The World Economic Forum has cautioned that Russia's economy is at a crossroads and significant changes are needed in order to stabilise and sustain growth and prevent social unrest.
In WEF's benchmark Scenarios for the Russian Federation report, the group outlined three scenarios for the Russian economy, which all paint a bleak outlook unless significant changes in its domestic institutional environment are made as the country's GDP is so closely tied to oil prices.
Russia has enjoyed record growth rates and a dramatic rise in living standards for much of its urban population after the spectacular rise in oil prices from 2000 to 2008, in tandem with economic reforms of the early 2000s, fostered a more stable environment [Figure 1].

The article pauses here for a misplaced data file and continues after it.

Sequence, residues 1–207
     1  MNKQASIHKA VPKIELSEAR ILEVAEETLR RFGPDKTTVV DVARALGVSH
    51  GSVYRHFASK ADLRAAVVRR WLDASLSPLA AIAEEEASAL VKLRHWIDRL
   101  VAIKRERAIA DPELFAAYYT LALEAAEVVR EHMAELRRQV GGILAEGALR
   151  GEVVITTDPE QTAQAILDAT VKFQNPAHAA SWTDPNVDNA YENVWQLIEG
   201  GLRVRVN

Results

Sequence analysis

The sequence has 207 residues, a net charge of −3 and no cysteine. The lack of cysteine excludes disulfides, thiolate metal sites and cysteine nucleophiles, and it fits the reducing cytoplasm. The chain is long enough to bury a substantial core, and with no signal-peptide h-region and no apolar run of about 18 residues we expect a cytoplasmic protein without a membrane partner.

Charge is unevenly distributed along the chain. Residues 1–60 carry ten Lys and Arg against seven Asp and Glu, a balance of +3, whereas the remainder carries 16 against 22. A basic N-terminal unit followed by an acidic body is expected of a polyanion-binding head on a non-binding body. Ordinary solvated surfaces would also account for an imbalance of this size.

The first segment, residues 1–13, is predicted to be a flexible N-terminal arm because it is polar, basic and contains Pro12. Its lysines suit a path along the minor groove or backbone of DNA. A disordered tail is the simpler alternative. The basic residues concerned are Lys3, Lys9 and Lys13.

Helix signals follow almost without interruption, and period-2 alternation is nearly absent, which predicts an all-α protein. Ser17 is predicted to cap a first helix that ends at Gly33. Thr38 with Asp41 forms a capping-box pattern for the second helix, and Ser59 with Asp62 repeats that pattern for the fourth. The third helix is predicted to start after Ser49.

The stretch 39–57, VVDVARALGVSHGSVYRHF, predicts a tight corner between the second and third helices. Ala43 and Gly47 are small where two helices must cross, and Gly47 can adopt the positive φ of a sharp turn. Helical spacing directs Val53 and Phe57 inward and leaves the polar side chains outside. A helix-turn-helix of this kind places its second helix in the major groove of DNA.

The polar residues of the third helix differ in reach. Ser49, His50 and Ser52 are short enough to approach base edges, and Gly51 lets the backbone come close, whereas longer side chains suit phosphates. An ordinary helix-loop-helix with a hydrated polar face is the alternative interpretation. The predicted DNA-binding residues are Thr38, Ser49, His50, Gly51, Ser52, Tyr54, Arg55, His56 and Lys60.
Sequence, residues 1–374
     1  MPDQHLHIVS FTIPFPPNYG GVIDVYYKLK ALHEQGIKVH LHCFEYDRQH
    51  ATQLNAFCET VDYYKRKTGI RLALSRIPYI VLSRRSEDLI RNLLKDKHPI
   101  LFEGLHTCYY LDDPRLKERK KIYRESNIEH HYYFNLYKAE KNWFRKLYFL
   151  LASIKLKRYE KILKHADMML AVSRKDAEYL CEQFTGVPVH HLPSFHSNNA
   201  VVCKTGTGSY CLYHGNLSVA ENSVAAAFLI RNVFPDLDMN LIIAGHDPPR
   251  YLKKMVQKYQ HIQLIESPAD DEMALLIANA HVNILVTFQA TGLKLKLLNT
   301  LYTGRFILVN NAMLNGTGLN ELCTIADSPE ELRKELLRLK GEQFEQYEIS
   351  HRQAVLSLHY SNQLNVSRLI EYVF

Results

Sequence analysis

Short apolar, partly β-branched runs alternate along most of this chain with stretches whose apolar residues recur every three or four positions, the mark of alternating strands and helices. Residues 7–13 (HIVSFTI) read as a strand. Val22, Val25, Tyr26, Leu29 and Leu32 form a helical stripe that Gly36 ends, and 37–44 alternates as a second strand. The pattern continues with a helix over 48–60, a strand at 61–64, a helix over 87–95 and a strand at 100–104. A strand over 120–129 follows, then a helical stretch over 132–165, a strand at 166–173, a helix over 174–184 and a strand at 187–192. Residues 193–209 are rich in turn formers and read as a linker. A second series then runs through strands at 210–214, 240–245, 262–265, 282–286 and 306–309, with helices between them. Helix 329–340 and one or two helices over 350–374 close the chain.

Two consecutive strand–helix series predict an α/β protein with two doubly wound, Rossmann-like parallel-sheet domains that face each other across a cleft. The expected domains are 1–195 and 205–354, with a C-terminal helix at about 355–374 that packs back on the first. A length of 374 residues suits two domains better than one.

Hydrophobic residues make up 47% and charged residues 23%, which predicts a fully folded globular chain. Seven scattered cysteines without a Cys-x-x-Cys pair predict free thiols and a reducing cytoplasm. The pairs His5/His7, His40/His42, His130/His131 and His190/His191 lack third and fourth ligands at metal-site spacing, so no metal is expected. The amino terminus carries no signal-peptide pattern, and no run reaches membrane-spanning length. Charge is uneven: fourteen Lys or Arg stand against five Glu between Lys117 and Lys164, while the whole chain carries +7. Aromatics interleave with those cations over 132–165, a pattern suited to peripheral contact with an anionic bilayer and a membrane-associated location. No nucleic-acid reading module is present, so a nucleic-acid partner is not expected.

Despite being hit hard by the global economic crisis in 2008 and 2009, the country even managed to rebound from an 8 percent drop in the economy, within a couple of years.
But as IBTimes UK detailed in December last year, Russia faces a drop in 2013 GDP to 2.5 percent, from 3.4 percent in 2012.
Forecasts also detail a 1.6 percent rise in inflation to reach 6.7 percent by the end of this year for Russia.
Supporting this, WEF says that this growth trajectory is not sustainable
and significant challenges remain, particularly in reducing the country's strong reliance on its oil and gas exports and in revitalising the economy